Portland, Ore. — A 19-year-old woman returned home to wait for a new donor Saturday after her plans to undergo a rare triple transplant were canceled because a donated lung had been damaged.
Brandy Stroeder, who has been fighting the Oregon Health Plan for the right to a lung, liver and heart transplant, had been flown early Friday to the hospital in Palo Alto, Calif., for the surgery after learning about the available organs.
She had been in the hospital for several hours undergoing tests in preparation for the surgery Friday when the transplant was called off.
"She came in, she underwent the evaluation and was in good condition. Unfortunately and this is not uncommon once the organs were retrieved, they were not viable," said hospital spokeswoman Ruthann Richter.
Stroeder has cystic fibrosis, a disease that chokes her lungs with mucus and causes other organ damage. Without a transplant, Stroeder would likely die within two years. She now relies on an oxygen tank to breathe.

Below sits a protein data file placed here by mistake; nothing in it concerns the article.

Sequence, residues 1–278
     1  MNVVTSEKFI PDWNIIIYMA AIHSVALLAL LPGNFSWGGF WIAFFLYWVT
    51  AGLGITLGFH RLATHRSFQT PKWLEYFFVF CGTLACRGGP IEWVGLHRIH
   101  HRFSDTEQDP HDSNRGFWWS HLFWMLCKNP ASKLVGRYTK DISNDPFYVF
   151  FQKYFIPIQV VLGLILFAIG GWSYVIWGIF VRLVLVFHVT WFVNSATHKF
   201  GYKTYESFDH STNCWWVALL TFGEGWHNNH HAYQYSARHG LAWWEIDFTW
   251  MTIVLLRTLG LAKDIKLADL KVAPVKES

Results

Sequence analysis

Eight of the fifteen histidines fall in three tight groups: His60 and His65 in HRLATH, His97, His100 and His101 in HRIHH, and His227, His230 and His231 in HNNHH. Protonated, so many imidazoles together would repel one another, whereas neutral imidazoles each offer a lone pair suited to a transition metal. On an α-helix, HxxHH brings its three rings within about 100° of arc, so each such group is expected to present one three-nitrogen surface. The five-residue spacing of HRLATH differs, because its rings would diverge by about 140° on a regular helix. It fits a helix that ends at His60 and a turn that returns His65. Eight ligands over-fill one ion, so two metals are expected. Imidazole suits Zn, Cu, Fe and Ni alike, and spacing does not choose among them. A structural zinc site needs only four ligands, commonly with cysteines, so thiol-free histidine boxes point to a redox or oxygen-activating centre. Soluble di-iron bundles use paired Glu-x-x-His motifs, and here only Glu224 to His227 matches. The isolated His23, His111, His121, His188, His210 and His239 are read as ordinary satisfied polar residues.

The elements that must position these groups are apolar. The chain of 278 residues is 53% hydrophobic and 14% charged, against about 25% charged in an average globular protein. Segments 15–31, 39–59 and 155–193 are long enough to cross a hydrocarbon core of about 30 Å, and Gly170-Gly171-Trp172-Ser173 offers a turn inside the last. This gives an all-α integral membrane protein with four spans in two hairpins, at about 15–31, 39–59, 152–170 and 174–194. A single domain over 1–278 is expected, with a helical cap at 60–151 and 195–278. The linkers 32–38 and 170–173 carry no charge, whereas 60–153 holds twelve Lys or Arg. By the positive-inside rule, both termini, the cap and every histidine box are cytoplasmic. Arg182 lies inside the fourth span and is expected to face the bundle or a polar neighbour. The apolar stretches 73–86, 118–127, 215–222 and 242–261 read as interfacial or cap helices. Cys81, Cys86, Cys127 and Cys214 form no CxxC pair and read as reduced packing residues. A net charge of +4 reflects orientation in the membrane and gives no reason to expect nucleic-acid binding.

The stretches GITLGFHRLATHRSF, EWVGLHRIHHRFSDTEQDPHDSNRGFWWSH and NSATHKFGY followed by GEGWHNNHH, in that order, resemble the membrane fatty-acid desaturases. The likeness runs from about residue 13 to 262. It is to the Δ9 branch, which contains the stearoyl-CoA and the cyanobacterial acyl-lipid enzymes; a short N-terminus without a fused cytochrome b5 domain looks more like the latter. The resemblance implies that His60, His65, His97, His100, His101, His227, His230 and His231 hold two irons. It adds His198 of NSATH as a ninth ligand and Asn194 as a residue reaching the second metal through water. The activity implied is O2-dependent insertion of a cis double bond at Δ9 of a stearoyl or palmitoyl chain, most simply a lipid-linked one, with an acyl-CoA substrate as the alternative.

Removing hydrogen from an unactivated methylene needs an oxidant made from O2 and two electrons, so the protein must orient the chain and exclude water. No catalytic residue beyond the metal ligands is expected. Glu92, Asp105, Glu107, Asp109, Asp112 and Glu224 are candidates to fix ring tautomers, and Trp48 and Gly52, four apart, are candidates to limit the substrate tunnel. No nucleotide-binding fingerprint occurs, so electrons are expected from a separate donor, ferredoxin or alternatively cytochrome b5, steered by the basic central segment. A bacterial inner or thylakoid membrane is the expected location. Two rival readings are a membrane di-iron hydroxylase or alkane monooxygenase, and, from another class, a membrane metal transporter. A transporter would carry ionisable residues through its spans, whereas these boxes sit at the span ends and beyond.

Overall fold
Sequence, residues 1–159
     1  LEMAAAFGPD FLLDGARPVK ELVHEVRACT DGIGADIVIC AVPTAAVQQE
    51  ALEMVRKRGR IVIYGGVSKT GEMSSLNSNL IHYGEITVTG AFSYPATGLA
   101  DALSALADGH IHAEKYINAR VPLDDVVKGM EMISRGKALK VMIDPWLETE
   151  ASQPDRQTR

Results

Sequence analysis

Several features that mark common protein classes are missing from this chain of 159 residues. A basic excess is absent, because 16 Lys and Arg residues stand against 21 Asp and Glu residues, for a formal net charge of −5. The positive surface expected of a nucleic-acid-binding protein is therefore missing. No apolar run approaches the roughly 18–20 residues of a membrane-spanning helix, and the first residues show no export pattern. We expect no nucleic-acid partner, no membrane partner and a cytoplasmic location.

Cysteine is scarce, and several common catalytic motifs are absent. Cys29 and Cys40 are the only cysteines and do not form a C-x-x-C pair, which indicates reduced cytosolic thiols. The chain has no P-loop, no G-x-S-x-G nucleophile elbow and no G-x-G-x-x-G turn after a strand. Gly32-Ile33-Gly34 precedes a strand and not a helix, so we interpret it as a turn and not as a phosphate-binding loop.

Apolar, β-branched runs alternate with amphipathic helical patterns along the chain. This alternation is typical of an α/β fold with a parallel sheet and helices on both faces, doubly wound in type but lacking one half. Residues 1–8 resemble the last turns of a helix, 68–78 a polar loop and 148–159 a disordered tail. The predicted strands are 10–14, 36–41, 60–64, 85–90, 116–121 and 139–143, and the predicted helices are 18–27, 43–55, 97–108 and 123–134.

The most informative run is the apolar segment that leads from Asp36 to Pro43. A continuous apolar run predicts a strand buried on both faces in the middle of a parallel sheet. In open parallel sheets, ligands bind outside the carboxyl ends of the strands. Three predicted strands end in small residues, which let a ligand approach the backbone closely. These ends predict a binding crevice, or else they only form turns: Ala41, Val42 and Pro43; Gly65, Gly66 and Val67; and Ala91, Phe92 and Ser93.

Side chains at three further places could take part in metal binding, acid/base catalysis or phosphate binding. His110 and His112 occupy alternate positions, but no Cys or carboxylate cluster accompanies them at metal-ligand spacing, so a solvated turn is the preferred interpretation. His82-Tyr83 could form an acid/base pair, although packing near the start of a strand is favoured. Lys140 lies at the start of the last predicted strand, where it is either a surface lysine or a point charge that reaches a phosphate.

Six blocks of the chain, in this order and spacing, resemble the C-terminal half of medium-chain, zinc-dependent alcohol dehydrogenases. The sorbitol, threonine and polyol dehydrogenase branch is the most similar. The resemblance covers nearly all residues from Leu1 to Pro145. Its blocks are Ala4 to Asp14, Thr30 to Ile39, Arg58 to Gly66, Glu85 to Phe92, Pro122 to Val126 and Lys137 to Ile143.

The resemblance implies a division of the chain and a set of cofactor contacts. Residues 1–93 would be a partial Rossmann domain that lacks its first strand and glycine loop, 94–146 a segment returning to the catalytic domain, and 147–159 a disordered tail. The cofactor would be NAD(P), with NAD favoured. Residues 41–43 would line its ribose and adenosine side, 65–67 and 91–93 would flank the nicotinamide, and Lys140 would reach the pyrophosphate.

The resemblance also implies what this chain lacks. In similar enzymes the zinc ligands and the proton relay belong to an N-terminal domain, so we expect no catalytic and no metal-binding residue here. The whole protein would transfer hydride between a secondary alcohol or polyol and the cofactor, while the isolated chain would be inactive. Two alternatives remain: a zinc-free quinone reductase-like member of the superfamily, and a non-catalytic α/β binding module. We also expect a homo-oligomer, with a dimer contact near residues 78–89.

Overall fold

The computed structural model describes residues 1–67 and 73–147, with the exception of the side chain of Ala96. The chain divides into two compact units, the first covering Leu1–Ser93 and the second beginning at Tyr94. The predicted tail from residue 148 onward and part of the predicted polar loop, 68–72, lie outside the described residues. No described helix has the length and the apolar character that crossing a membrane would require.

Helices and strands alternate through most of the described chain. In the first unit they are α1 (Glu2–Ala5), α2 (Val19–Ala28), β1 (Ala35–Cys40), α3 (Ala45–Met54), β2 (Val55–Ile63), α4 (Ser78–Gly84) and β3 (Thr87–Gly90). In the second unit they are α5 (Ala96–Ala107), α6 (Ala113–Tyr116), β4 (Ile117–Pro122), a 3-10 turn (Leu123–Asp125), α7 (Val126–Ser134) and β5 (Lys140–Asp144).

Christine Pashley, a spokeswoman for Doernbecher Children's Hospital in Portland where Stroeder has received care, said Stroeder had arrived early Saturday afternoon in Portland.
"Obviously, it's a very difficult time for Brandy right now," Pashley said. "You never know how long it's going to be (until the next donor) and that's the hard part."
Only three heart-lung-liver transplants have taken place in the United States, according to the United Network for Organ Sharing.
Last year, the Oregon Health Plan, which provides health insurance to Oregon's poor, refused to pay for the transplant for Stroeder, saying the operation was experimental. The transplant could cost more than $250,000.
Stroeder, who is from McMinnville, about 20 miles southwest of Portland, has said getting the state to pay for the transplant is a matter of principle she wants those who come after her to have an easier time getting the health care they need.
The Oregon Appeals Court has not ruled in her case.
A community effort led by millionaire motel magnate Mark Hemstreet has raised $300,000 toward her medical costs.